Overview: The Paradox of Public Speaking
Your goal: be convincing/compelling … with zero notes.
You want your comments to feel as personally authentic as possible … while effectively and credibly achieving a specific impact.
At the heart of your presentation: the key take-away
The number one question for any communication: what is the single most important Take- away you want to leave in the minds of your audience?
That’s what you need to keep in mind as you structure the framework discussed below.
You should also have in mind a desired length of time not to exceed … and then be sure that you design your message, or content flow, so it can comfortably and appropriately be delivered within that constraint.
As part of determining your key Take-away, consider the audience mindset:
- What is their mindset before you say Word One?
- What is the mindset you want to leave them with at the end?
- And/or the thought or knowledge you wish to implant?
Think Through Your Framework
The more natural your remarks can feel as you deliver them, the more convincing you will be and the more authentic your audience will feel that you are.
That makes your framework … the thought structure of your remarks … significantly more important than in a scripted speech, in which there are carefully planned transitions, with every word already chosen.
You want your thought structure, your framework, to help you be as effortless as possible in remembering your message, as you speak with no notes. (Or, if necessary for you, an Index card with the “flow” of your remarks to remind you.)
Organize your content ahead of time so that “A” flows naturally into “B” – again for you, personally. “A” makes you think of “B”, and “B” leads you to “C”, etc.
If you structure your message flow in a way that makes sense to you, you’ll be much less likely to wonder, in front of an audience, what you’re supposed to be saying next!
The more naturally your remarks flow structurally – for your particular way of thinking — the more effortlessly and automatically you’ll know what to say, moment by moment, when you are LIVE, under pressure.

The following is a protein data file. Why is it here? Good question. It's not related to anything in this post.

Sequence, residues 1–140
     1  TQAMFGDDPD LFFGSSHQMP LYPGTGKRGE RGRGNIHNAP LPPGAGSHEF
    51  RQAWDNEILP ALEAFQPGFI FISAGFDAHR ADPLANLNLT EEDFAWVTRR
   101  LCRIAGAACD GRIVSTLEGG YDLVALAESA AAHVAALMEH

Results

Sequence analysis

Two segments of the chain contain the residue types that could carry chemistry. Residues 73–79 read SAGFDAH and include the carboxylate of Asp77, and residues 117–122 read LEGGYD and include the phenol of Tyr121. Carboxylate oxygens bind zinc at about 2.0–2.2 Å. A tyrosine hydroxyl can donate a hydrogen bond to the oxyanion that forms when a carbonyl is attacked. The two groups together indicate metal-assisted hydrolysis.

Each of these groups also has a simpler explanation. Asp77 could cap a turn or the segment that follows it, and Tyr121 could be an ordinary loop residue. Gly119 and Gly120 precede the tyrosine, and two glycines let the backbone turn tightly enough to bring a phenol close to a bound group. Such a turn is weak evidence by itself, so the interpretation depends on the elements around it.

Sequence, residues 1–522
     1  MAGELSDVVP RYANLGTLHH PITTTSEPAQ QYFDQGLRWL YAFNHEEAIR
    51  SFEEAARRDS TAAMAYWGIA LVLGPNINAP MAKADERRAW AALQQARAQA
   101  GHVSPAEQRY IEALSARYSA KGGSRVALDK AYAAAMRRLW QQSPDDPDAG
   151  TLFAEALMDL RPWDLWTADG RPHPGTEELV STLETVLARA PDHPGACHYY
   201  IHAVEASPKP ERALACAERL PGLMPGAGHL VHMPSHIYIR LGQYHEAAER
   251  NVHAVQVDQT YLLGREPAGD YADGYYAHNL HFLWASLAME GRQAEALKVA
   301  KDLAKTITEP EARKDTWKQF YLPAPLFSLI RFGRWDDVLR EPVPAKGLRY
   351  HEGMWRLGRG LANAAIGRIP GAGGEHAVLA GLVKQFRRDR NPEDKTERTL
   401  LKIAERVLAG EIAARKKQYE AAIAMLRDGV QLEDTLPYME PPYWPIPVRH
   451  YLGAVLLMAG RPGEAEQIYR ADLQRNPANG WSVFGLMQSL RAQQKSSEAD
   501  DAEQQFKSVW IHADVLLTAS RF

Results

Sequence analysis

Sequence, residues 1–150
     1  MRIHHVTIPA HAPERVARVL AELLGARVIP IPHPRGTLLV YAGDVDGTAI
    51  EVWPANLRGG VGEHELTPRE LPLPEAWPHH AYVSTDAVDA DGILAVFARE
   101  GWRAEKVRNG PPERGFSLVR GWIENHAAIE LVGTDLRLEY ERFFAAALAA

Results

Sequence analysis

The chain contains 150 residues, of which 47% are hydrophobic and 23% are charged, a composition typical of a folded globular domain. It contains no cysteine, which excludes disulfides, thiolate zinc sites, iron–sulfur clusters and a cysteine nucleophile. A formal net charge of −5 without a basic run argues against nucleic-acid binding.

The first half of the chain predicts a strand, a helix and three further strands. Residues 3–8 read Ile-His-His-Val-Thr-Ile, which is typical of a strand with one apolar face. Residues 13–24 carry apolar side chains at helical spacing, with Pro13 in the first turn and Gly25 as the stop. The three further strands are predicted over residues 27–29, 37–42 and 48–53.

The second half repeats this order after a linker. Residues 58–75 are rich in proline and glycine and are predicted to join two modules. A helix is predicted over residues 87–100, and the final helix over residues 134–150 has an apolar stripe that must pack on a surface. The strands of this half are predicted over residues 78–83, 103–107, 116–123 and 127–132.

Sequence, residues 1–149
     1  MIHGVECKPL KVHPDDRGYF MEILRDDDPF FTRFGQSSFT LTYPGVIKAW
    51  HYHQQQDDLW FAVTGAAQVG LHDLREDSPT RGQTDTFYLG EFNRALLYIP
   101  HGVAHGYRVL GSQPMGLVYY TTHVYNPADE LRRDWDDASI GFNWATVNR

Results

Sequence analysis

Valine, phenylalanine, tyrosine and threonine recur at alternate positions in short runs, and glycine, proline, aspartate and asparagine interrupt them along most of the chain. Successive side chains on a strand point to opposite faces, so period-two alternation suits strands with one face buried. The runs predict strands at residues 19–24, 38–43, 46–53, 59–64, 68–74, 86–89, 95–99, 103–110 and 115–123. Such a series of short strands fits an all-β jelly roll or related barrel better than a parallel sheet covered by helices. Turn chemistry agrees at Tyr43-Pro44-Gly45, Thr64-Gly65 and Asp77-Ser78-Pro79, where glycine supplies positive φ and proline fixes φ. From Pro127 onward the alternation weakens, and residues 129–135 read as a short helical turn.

Beginnings and Endings
As is always true in a presentation, beginnings and endings are especially important as your first and last chance to make an impact on your audience.
Think through what kind of “mood” you want your opening and your closing each to convey. What is the “journey” (even a very brief one!) you want your audience?
Then plan your content accordingly.
Away from the Podium & Center Stage
If your talk is meant to be heart-to-heart, ‘real’ … then you certainly don’t want to stand behind a podium.
Stand center stage and be sure that, as you talk, you address your remarks and your attention to every corner of the room. No wandering! Stand in one place, even as you turn your body to face and take everybody in.
When you do that – just stay there and speak to us directly – you eliminate a potential distraction, and you amplify the sense of, “This person is confidently telling us the truth.”
As Always… the Quality of the Rehearsal Counts
Many of the tips that help a scripted presentation work apply to non-scripted presentations, too – including working in your mind to make every rehearsal feel like “the real thing” to you.
(Take a look, perhaps, at the Rehearsal section of the recommendations also on this site for a scripted presentation.)
Don’t hassle yourself if, each time you rehearse – or when you deliver it to an audience – your phrases come out slightly different each time. That is real, spontaneous life-in-the- moment.
The overall guidance is …
- Have you thought through your message ahead of time?
- Do you know its flow?
- Does it address the audience mindset (starting and finish?) Is it structured to help you stay within your time guidelines.
If the answers are, “Yes!”, then just deliver your remarks with the full awareness that you mean them.
I promise you this — I learned it in my corporate career, and I see it over and over in action with the executives I coach: audiences want a real connection.
Whoever you really are … people want to know that it’s you who is addressing them … with your ideas, not anyone else’s … and that you truly mean what you say. So whatever your personality happens to be — from shy to exuberant — be true to yourself. Audience can smell a fake.
But always push yourself to be “bigger” on-stage — still the real … still yourself, only bigger — than you ever would consider being off-stage. And don’t rush! Take the time you need to feel what you are saying. They’ll feel it, too.
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